The acting is brilliant. Rorschach/(Jackie Earle Haley)’s level of scariness can only be equal to that of the impending nuclear war set to break out. The inner demons of his character is perfectly played out by his facial expressions when unmasked, or lack there of, and every scene with him is worth watching. Everything Rorschach says is quotable and he raises the question inside of you – is he the villain I hate to love or the hero I love to hate. But then, The Comedian (Jeffrey Dean Morgan) plays on similar heartstrings that some confuse as being the same. The Comedian is thought to be a hero in the opening of the movie for his association with “the good guys” but is by far the worst, most vile person in the film. He’s not the villain, as he’s killed off quickly, but don’t confuse things. He’s not really an anti-hero, or a hero of any kind. He’s just a piece of dirt that happens to be enrolled under the ranks of the good guys. Nite Owl (Patrick Wilson) was a dry character in the comic book – nerdiness wrapped in doubt, but through the sheer magnitude of Patrick Wilson, he evolves before your eyes. He’s not a loser; sure he’s shy and nerdy, but he’s actually just a normal guy with a hidden heroic side that we all like to think we have in us. He’s the role model you become inspired to become.


The ending is inspiring for anyone with imagination. It ties everything together, it’s realistic, and it’s highly original. Some will leave angry, some will leave feeling complete, but it is without a doubt powerful enough to make you feel, which is what any movie dreams to accomplish. I love me some Will Ferrell and Jason Statham, but this isn’t mindless action, silly comedy, or hopeless love. It’s artsy, it’s emotion provoking, and probably the Slumdog Millionaire (which I haven’t seen but am comparing off of reputation) of its genre.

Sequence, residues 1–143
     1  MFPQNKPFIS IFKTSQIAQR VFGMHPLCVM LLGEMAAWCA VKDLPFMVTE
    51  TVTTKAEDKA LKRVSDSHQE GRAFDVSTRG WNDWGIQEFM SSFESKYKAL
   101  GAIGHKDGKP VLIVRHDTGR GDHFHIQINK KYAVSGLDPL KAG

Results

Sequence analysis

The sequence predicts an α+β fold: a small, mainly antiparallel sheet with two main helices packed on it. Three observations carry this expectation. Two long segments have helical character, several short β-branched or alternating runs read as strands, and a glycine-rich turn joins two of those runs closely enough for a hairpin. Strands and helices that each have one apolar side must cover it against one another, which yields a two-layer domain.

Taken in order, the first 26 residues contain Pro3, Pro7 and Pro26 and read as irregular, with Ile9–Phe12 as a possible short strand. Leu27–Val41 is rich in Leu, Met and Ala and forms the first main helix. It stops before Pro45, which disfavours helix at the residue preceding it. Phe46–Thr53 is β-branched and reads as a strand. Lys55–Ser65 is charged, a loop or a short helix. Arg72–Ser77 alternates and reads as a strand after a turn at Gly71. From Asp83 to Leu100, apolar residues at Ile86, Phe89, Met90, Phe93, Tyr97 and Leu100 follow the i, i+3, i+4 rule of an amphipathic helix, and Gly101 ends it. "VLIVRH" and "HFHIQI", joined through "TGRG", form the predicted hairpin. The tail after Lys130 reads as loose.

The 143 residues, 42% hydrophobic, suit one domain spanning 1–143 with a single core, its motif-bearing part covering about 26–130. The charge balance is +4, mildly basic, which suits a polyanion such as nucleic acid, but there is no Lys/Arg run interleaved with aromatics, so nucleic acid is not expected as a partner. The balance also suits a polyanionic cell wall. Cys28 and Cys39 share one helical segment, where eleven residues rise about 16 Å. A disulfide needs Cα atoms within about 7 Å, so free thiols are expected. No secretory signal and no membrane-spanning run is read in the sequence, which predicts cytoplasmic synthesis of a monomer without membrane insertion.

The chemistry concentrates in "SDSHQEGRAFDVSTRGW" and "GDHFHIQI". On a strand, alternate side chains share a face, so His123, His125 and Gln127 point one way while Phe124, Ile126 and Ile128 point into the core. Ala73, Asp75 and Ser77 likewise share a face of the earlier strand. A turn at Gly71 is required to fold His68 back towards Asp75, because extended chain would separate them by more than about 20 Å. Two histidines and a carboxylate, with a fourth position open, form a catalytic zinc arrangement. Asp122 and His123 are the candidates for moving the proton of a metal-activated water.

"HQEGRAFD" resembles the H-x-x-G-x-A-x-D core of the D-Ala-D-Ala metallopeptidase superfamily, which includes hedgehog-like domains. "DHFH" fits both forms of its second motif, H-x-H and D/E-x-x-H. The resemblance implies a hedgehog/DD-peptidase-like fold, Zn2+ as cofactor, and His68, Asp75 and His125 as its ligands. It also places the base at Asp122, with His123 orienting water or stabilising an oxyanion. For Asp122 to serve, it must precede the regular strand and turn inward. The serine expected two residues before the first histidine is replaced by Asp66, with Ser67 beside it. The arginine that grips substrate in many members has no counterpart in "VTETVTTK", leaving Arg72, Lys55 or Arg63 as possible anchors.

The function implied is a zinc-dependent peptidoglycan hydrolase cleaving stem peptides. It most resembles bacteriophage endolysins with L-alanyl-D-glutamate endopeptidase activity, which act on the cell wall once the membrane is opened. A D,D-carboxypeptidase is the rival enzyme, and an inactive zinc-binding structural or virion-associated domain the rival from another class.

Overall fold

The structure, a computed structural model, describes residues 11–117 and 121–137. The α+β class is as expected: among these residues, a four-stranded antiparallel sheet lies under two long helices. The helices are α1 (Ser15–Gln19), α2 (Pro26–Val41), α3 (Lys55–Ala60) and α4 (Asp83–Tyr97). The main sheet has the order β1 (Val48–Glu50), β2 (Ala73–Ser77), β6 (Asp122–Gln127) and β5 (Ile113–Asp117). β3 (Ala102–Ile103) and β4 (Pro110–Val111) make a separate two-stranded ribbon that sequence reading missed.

My Highlight:

Prison. I’ll leave it at that. From start to end, it’s just “My, Gawd!” I’ve also become a bigger fan of the credits every time I watch them.







Should the opening credits video above not work, here are some links to other sites hosting it:



Overall Rating:

5*’s out of 5. I was originally going to rate it lower, I’m not going to lie, because I was one of the people not happy about the ending, the excessive sex, or the male nudity, but I always found myself on the defending side of the argument on those cases. I convinced myself, or really just pulled the wool off my own eyes, revealing my love for the film. The further I distance myself from the viewing however, I have nothing but positives to say about it. I’m greatly considering going back and re-watching it, which I have only done for The Dark Knight and Iron Man in my entire lifetime.



When You Should See It:

Now. You have, maybe, a month or so. Maybe a month in a half, before it leaves theaters. I’m definitely buying it as soon as it comes out on DVD, but when stretched across the big screen in front of you, it holds so much raw, gritty power. It’s the experience that you shouldn’t miss out on.